Antibiotics Antibiotics alter the gut microbiome and can interfere with the bodys ability to handle diverse bacteria. One study shows antibiotic use within the first year of life was more common among pediatric IBD cases. A similar analysis among adult IBD subjects revealed that individuals receiving 3 rounds of antibiotics 2 or more years prior to diagnosis had greater odds of suffering with IBD.
For more information on stool testing, please read this post on why you should get stool testing done.
Medications For Other Conditions
A medication you take for another condition can also trigger a flare-up.
This might happen if you take an antibiotic to treat a bacterial infection. Antibiotics can sometimes disrupt the balance of intestinal bacteria in the gut and cause diarrhea.
Certain over-the-counter nonsteroidal anti-inflammatory drugs , such as aspirin and ibuprofen , may also irritate the colon and cause a flare-up.
This doesnt mean you should stop taking antibiotics or pain medications, but you should speak with your doctor before taking these drugs.
If you take an antibiotic, you may also need a temporary antidiarrheal medication to combat possible side effects.
If you experience stomach pain after taking an NSAID, your doctor may suggest acetaminophen to reduce pain instead.
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How Long Do Flares Last
Flares occur at different times and may last for days or weeks. They can happen anywhere from weeks to years apart, depending on the person and the effectiveness of treatment.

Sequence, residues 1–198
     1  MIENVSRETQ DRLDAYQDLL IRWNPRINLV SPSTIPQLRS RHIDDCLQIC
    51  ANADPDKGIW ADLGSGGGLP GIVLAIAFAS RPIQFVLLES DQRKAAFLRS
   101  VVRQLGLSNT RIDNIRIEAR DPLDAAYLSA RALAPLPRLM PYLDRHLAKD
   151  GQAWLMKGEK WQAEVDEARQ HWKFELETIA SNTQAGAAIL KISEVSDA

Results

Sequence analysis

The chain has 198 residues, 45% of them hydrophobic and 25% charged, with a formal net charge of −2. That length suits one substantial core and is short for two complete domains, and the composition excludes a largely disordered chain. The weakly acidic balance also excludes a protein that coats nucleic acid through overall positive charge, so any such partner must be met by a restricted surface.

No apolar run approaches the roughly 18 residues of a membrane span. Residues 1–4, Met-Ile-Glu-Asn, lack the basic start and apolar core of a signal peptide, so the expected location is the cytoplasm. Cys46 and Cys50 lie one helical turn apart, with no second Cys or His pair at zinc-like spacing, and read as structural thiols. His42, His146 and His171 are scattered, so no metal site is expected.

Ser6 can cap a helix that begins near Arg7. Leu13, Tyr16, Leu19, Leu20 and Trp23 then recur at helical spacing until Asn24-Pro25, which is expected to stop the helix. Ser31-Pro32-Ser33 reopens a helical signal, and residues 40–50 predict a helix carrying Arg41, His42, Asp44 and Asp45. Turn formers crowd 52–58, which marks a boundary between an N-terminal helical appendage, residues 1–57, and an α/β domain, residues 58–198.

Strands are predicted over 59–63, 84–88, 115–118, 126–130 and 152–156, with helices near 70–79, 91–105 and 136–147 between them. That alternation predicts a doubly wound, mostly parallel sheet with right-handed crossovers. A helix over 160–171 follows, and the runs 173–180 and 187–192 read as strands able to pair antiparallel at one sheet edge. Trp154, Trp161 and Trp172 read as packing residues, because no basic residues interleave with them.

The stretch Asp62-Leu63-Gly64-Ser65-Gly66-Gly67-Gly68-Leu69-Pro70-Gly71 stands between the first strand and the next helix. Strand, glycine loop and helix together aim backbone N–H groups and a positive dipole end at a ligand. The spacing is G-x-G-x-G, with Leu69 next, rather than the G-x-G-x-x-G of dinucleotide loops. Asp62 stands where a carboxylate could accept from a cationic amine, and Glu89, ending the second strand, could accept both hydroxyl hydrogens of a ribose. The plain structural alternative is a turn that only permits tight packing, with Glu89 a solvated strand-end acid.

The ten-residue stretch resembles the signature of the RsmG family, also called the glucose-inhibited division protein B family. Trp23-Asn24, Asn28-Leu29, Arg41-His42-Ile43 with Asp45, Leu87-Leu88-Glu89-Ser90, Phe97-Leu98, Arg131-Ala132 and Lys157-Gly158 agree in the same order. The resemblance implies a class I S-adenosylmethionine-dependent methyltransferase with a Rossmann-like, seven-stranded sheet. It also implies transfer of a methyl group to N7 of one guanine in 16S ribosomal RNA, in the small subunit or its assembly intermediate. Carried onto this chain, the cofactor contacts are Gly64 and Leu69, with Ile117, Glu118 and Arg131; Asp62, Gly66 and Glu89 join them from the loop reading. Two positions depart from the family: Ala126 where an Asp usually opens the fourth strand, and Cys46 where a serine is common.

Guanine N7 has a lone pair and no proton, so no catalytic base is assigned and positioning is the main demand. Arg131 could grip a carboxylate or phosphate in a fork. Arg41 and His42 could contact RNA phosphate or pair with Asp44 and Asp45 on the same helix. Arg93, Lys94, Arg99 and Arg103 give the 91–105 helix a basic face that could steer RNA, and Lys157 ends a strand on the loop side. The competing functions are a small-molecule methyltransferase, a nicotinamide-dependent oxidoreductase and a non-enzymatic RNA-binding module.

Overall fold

Your doctor will work with you to treat your flare and help return your UC to a more manageable state.
The Crohns & Colitis Foundation recommends waiting to become pregnant until UC has been in remission for at least 3 months.
If you conceive during a flare-up, you may have more symptoms during pregnancy.
Youre likely to have a healthy pregnancy if you have UC, but youll still have a higher chance of complications than someone without the condition. Particularly if your UC is active, you may have a greater risk for:
In general, UC medications can be taken during pregnancy.
Talk with your doctor about any possible changes to your medications while pregnant.
Ideally, having a conversation with your doctor prior to getting pregnant can allow them to prepare a UC treatment plan in advance that can be revised, if and as needed, during your pregnancy.
Can Probiotics Prevent Flares In Ulcerative Colitis
Its a well-known fact that probiotics promote healthy bacteria in the gut and work to strengthen the immune system. These popular gut health supplements are also proving to be effective in preventing flares in UC.